Coinbase’s Chief Legal Officer, Paul Grewal, has recently described a newly proposed US rule tightening cryptocurrency custody requirements as “misguided,” stating that specific parts need revising. The Securities and Exchange Commission (SEC) rule, proposed back in February, demands that registered investment advisers hold crypto with a qualified custodian. This would necessitate mandating certain requirements, such as the segregation of investor assets.
Generally, the exchange is in agreement with the proposal, and Grewal has confirmed that Coinbase Custody Trust Company would remain a qualified custodian even if the proposal is adopted without any modifications. Qualified custodians are responsible for maintaining client funds and can be entities like banks or broker-dealers.
However, Grewal has expressed concerns that, much like recent SEC actions, this proposal unnecessarily singles out crypto and makes inappropriate assumptions regarding custodial practices based on securities markets. SEC Chair Gary Gensler has previously stated that some crypto platforms claim to custody investor’s crypto, which does not imply that they are qualified custodians, citing concerns about commingling assets.
Grewal has provided suggestions for changes to the proposal. Firstly, the rule aims to narrow the qualified custodian definition to banks under federal regulation. However, Grewal believes the agency should recognize state trusts and state-regulated firms as qualified custodians, arguing that this inclusion would promote competition, efficiency, and investor protection.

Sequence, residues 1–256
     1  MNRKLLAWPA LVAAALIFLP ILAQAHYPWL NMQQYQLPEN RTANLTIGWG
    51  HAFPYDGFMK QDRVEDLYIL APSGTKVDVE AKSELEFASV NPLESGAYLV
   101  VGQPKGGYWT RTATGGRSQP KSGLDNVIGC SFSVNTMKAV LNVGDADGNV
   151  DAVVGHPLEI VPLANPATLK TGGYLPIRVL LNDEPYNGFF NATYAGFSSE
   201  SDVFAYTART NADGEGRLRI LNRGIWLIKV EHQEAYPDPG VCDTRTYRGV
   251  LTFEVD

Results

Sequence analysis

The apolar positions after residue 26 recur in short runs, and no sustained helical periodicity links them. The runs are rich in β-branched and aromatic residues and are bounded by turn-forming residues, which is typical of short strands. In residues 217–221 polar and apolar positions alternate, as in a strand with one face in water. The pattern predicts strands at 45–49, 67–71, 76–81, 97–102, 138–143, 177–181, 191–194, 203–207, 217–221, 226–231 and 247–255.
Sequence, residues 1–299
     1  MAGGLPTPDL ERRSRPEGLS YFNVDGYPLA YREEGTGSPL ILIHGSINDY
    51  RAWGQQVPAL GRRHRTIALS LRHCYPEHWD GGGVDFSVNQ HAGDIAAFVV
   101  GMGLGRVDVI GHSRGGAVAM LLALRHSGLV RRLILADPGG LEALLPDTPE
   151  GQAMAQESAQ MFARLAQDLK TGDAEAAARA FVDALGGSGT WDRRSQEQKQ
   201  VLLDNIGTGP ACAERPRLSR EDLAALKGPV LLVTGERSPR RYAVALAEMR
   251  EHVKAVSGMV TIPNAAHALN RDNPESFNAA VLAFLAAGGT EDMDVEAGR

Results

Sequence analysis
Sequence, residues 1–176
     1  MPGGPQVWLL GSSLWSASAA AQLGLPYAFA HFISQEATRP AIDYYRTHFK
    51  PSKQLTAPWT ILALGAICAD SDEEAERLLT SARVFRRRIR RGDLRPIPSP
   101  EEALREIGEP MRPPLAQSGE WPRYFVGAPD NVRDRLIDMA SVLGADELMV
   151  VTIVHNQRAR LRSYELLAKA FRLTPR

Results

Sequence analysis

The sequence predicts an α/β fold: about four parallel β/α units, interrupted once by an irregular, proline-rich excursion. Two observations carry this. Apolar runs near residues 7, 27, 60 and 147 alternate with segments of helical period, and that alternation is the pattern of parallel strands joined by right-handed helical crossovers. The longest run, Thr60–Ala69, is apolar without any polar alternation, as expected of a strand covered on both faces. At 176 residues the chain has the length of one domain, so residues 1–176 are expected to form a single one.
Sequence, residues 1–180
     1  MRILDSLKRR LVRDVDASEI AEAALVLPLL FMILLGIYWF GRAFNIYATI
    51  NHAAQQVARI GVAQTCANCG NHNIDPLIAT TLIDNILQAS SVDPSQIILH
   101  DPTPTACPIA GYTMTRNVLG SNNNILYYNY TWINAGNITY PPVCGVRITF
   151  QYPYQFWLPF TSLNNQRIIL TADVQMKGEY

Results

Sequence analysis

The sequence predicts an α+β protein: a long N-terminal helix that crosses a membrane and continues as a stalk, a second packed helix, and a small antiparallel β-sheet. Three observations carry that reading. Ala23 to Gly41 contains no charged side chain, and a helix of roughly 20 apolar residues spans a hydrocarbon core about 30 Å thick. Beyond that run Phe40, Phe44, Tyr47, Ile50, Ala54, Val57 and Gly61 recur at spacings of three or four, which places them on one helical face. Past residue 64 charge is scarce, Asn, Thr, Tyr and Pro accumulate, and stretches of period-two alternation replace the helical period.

Additionally, Grewal proposed limiting exposure to non-qualified custodians and allowing sophisticated investors to negotiate their custodial arrangements independently. As of May 8, the SEC had received at least 60 letters on the matter from various organizations, including the U.S. Small Business Administration and venture capital firm Andreessen Horowitz.
Among these organizations, Public Citizen, a nonprofit consumer advocacy organization, supports the SEC’s changes, claiming they will “bring law and order” to the industry. The organization stated in their letter that cryptocurrency trading currently occurs in a “Wild West” environment, with various exchanges flaunting the law, leading to numerous frauds and bankruptcies in the space.
In conclusion, although the proposed rule has its merits and the backing of many industry stakeholders, it faces criticism from leaders as it singles out cryptocurrencies and makes potentially inappropriate assumptions. The debate will continue as responses are submitted to the SEC, but the integration of suggested changes, such as recognizing state-regulated entities as qualified custodians, could lead to a more balanced and effective result.